Report by Ben Chennells (Research Support Fund)

I am grateful to the Viking Society for providing funding for my attendance at the 18th International Saga Conference, on Sagas and the Circum-Baltic Arena, which took place in Helsinki and Tallinn, between 7–14 August 2022. Hosting delegates with expertise in all areas of Old Norse studies, and from a global range of institutions, the International Saga Conference is internationally renowned as being the premier conference in the field. I was, therefore, delighted to be able to attend the conference for the first time with the Viking Society’s support.

The range of research delivered at the conference was impressive, deepening my understanding of Old Norse texts both within and beyond my own specialism. Keynote lectures by Neil Price, Haraldur Bernharðsson, and Stephen Mitchell set the tone in their exhibition of highly developed research on Old Norse language, folklore, and mentalities, whilst also encouraging inclusivity in dialogues within the discipline. Amongst the many parallel sessions, I found panels on ‘Skalds and discourse’, ‘Perspectives on Jómsvíkinga saga’, ‘International mobility and contacts’, and ‘Constructing the saga’ particularly helpful and informative. It was excellent to have the opportunity to discuss this research with colleagues both familiar and new, with the social aspects of the conference enhanced by its hybrid format. I was also pleased that my paper, based on my doctoral research on audiences of Old Norse skaldic poetry and entitled ‘Sagas and the ongoing history of skaldic reception’, was well received. The discussion following my presentation has already proved beneficial for my research, since, at the time of writing, I am in the process of writing up my doctoral thesis. Overall, the conference organisers are to be thanked and commended for making this event happen in such difficult circumstances.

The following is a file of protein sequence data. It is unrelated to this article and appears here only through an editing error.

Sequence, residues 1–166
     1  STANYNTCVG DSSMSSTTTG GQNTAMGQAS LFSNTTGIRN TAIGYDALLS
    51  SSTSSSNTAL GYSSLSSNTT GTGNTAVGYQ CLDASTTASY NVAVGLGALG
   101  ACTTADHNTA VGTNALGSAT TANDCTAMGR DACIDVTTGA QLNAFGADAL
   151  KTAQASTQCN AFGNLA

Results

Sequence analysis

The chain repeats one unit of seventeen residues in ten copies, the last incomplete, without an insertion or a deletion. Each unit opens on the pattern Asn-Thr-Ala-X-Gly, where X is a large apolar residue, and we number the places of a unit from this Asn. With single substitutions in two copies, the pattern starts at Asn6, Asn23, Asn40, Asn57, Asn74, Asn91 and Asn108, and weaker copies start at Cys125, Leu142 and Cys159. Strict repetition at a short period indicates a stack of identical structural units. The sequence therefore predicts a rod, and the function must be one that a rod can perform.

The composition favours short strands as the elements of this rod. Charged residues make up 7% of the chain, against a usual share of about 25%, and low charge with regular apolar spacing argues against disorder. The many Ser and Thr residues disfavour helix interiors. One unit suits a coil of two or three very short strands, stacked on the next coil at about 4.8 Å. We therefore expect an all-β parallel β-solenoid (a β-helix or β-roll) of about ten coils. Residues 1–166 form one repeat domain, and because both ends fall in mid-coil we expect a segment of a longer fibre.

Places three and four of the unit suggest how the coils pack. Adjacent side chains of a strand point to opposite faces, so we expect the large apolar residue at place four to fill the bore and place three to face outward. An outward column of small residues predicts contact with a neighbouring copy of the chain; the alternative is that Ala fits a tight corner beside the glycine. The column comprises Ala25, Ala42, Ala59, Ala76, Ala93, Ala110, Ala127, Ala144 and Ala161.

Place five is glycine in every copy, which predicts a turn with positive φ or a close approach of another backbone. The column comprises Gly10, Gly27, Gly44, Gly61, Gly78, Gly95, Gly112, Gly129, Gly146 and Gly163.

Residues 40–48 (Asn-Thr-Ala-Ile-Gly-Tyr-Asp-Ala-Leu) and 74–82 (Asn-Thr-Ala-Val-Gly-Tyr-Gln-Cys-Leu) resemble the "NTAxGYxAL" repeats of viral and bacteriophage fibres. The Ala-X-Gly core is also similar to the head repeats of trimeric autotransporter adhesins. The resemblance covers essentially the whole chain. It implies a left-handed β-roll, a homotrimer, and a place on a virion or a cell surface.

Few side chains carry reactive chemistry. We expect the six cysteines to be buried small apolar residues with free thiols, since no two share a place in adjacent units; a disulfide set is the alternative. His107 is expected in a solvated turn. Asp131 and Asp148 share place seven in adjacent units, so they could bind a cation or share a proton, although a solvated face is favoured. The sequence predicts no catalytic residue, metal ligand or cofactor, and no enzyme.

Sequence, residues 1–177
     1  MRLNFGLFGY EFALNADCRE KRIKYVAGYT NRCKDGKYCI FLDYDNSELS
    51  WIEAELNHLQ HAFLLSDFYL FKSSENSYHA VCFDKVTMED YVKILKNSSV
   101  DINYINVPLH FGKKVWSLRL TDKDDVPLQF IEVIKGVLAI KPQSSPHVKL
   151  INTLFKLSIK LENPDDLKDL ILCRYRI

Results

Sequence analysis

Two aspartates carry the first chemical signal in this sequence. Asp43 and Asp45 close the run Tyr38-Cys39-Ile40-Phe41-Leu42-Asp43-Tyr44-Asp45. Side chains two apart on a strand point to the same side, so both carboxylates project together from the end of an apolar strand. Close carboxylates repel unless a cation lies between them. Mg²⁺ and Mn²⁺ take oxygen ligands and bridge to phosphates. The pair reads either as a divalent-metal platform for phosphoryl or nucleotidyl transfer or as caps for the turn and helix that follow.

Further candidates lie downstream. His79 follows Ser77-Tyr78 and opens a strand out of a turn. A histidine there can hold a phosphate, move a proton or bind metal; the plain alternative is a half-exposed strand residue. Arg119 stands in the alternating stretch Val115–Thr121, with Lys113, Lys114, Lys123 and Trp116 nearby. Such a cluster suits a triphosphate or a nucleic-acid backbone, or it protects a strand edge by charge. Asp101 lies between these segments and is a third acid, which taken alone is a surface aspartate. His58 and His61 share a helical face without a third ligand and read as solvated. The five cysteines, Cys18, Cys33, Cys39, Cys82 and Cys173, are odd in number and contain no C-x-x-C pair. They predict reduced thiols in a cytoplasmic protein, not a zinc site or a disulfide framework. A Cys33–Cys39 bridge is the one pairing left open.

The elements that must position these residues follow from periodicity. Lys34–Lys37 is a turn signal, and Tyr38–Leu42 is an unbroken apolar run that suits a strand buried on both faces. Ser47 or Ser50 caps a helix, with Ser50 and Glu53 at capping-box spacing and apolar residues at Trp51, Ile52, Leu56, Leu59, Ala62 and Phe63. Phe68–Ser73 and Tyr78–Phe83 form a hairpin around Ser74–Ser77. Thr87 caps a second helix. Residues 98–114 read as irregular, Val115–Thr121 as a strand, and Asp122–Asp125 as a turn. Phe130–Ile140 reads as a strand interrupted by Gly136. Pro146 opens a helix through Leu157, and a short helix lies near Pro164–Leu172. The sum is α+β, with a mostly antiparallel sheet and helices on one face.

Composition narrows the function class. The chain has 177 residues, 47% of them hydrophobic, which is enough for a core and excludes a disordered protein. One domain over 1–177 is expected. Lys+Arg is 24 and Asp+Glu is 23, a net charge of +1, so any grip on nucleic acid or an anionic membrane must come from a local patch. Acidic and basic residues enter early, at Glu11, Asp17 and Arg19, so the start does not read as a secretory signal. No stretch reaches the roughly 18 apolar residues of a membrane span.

Report by Bob van Strijen (Research Support Fund)

Doing Things With Old Norse Myth: A Research & Cultural Symposium on Mythological Processes, Reykjavík, 25-27 November 2021

After last year’s cancellation due to the pandemic, 2021 finally saw the 16th annual Aarhus Old Norse Mythology Conference. This year, there were three important differences from previous editions. If one word would describe it, it might well be ‘hybridization’. First, like most other conferences, ‘Doing Things’ was forced to become a ‘hybrid’ event. While many presenters were luckily able to make it to Reykjavik, others were unfortunately forced to present or attend online. Second, while on the topic of presenters, this year heard new voices through a call for conference contributions in addition to the usual invited papers. Finally, and perhaps most importantly, this year saw a day of ‘cultural events’ added to the two-day academic programme. This extra day of Goðsagnalistþing included a round-table discussion on ‘Modernising Old Norse Myth’, followed by a number of conversations each between a scholar and an artist or author who takes inspiration from Old Norse myths for their work. The symposium was concluded with a showing of the Icelandic animated movie Legends of Valhalla: Thor with an introduction by its scriptwriter.

The cultural day perfectly highlights that the scholarship we perform during the academic programme and on a daily basis does not happen in a vacuum. Old Norse mythology is booming, and while creators may first and foremost take inspiration from the primary sources, our work too is looked at, for interpretation, explanation, and contextualization. As these artists arguably have a wider reach and larger audience, understanding and cultivating this relation between arts and academia may be vital for the public perception of our field of research.